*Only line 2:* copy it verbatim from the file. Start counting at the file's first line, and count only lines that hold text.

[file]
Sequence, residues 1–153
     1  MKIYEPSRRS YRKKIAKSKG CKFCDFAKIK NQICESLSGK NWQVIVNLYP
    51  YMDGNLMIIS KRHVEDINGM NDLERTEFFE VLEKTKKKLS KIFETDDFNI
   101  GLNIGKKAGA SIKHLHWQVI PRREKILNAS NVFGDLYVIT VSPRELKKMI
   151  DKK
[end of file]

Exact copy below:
     1  MKIYEPSRRS YRKKIAKSKG CKFCDFAKIK NQICESLSGK NWQVIVNLYP